Asian bourses outshine SET on multiple fronts
Foreign investors dash from baht
Uncertainty over flaring domestic political turmoil has put pressure on the baht's value and caused foreign capital outflows, a stark contrast to foreign inflows moving into other emerging Asian stock markets.
Several emerging Asian stock markets have outperformed this month because of fund inflows, with the Philippines Stock Exchange index nudging up by 10%, while the Jakarta Composite index gained 5%. Asian bourses averaged a 5% rise, according to Asia Plus Securities (ASP).
On the contrary, the Stock Exchange of Thailand (SET) index has plunged by 2.5% this month, a continuous decline from a 5% drop in September, according to ASP.
The month-to-date net equity sell-off by foreign investors on the SET tallied 14 billion baht as of Oct 27, while year-to-date outflows totalling 292 billion.
"In addition to [domestic] political tensions there are capital outflows, the baht's depreciation and the stock market falling, as the SET has lost the opportunity to attract capital inflows even though we have control over outbreaks," said Paradorn Tiaranapramot, assistant vice-president at ASP.
"We don't know how and when it [the domestic political turmoil] will end."
Mr Paradorn said demands from protesters differ from past political rallies as they are calling for a reform of the monarchy, while other demands, such as constitutional amendments, are possible by December.
Protesters' calls for the resignation of incumbent Prime Minister Prayut Chan-o-cha have been met by dogged resistance from the premier.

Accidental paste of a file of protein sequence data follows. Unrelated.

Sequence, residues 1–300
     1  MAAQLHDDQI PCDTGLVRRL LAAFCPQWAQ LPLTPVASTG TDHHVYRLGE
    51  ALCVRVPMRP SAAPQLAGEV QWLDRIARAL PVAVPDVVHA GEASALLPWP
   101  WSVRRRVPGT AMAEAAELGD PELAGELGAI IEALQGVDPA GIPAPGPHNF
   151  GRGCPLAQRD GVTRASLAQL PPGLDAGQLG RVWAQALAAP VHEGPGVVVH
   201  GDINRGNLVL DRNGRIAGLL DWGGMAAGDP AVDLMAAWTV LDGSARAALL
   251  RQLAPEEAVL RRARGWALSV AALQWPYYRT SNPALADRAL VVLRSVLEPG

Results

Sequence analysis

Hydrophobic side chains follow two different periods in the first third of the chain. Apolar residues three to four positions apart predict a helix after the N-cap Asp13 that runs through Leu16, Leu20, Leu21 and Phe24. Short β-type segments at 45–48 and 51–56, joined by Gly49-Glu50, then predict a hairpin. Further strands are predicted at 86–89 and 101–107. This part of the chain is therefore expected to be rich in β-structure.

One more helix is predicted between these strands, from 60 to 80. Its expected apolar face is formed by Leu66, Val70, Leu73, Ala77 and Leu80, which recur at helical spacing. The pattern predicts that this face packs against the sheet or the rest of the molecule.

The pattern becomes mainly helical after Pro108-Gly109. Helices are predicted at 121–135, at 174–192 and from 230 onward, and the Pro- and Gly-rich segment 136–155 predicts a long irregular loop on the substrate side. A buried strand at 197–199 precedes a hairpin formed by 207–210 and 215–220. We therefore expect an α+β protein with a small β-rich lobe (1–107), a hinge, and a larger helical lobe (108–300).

ASP expects the SET index will move in within 1,155-1,250 points if the domestic political situation does not deteriorate further.
For regional bourses, Asian stock markets have been in the spotlight again after US and European stocks market were shunned by nervous investors over a second wave of coronavirus that is seeing higher daily infections than the first, said Mr Paradorn.
Democrat presidential nominee Joe Biden's policy to raise taxes in the country has raised concerns that US-listed firms will see lower profits, therefore money has moved from US to Asian stocks, where Mr Biden's international trade policy has more flexibility than incumbent US president and Republican presidential nominee Donald Trump, he said.
Nuttachart Mekmasin, executive director at Trinity Securities, said domestic politics is the main factor putting pressure on the Thai stock market, while the demands from protesters seem to be far from achievable.
If events do not become more severe, the negative impact will be limited and the SET index is expected to move in a very narrow range under this scenario, said Mr Nuttachart.
In the past, the Thai stock market has seen sharp recoveries in the aftermath of coups, political rallies or a political vacuum, but domestic equities and the SET index have seen a steep decline on the back of economic downturns exacerbated by the pandemic, in addition to the domestic political instability, he said.